Association for Behavior Analysis International

The Association for Behavior Analysis International® (ABAI) is a nonprofit membership organization with the mission to contribute to the well-being of society by developing, enhancing, and supporting the growth and vitality of the science of behavior analysis through research, education, and practice.


33rd Annual Convention; San Diego, CA; 2007

Event Details

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Symposium #220
CE Offered: BACB
Morningside Academy: What's New?
Sunday, May 27, 2007
1:30 PM–2:50 PM
America's Cup C
Area: EDC; Domain: Service Delivery
Chair: Joanne K. Robbins (Morningside Academy)
CE Instructor: Joanne K. Robbins, Ph.D.

Morningside Academy teachers will present descriptions and data on a variety of development projects in our laboratory school. We will discuss assessment strategies for reading comprehension, oral reading fluency, and vocabulary; behavioral approaches to counseling; study skills; prompting question-generating; and improving number-writing fluency.

Assessment: Reading Comprehension, Oral Reading Fluency, and Vocabulary.
HEATHER GRADA DURBECK (Morningside Academy), Marianne Delgado (Morningside Academy), Kent Johnson (Morningside Academy), Julian Gire (Morningside Academy)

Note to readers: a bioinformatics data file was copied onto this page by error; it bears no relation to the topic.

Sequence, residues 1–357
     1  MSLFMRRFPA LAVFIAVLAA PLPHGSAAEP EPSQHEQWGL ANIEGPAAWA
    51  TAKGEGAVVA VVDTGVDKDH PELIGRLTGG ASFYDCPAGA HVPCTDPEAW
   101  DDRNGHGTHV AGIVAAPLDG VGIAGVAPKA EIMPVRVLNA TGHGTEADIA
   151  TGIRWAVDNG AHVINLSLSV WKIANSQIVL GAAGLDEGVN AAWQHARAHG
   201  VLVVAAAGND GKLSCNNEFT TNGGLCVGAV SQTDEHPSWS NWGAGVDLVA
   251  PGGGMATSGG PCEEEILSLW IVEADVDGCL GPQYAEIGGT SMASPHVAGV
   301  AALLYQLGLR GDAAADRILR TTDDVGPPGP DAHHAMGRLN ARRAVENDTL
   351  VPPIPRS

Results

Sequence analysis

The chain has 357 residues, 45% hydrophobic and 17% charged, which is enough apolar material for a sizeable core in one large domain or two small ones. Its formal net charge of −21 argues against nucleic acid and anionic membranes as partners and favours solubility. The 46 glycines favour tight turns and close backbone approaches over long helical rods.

Abstract: Correlations between Robert Dixon et al’s reading comprehension program, “Reading Success: Effective Strategies for Reading Comprehension,” and the Iowa Test of Basic Skills test scores of Morningside students prior to and following a year of instruction will be discussed. Strategies of the reading program and other Morningside methods of reading instruction will be briefly reviewed. Data will be shared using the Standard Celeration Chart to analyze class-wide results for different levels of the program. This presentation will also discuss an evaluation of the effectiveness of video training for oral reading fluency inter-scorer agreement. Morningside Academy conducts weekly checks of Oral Reading Fluency using the DIBELS curriculum. In order to ensure inter-scorer reliability and accurate assessment information, a video training procedure, combined with written materials and immediate feedback was evaluated. Included participants were members of the assessment team; their results will be presented as will a brief demonstration of the video training procedure. Finally, our assessment presentation will discuss two methods of vocabulary instruction in a 7th grade reading curriculum: SAFMEDS flashcards and student-directed activities, using a weekly CBA to track application of vocabulary words in a 5-minute student free write. SAFMEDS instruction consisted of a 15-minute fluency session of teacher generated short definitions, tracked on a standard celeration chart. Student-directed methods consisted of giving students access to full dictionary definitions and the word in context and have them determine a correct definition, study of the denotation and connotation of words and informal and formal registers, exploration of different grammatical forms and related words, and having students create contextual examples. The CBA was a weekly free/write with a word bank of the instructed vocabulary words, scored across three dimensions: total words written, correct writing sequences, and number of vocabulary words used correctly. Growth on the curriculum-based assessment was tracked using a standard celeration chart. Data from a full school year of vocabulary instruction in a 7th grade literature curriculum will be presented and future curriculum decisions based on the data will be discussed.